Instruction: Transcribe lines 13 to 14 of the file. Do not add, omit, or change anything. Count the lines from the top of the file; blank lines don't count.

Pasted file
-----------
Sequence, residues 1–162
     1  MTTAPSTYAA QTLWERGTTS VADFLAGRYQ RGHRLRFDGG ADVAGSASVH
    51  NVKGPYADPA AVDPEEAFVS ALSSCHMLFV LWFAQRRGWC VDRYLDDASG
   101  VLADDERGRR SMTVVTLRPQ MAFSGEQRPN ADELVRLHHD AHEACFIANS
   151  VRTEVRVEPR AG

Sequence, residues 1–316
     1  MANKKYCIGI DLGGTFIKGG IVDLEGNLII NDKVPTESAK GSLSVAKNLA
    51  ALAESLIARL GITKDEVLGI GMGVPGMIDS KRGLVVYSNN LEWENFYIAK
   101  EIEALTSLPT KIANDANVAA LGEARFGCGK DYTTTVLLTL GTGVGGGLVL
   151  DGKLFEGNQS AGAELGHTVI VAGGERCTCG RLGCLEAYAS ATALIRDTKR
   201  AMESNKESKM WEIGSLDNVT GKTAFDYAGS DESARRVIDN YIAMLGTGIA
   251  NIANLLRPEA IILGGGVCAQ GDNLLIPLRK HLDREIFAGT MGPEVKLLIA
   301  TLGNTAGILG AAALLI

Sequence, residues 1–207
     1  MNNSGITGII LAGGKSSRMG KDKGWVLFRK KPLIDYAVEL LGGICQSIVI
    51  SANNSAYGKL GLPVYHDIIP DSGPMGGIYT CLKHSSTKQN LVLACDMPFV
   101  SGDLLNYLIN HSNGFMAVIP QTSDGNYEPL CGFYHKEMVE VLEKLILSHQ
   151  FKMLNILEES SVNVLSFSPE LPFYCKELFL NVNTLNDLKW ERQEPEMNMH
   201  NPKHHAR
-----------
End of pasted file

   301  TLGNTAGILG AAALLI

Sequence, residues 1–207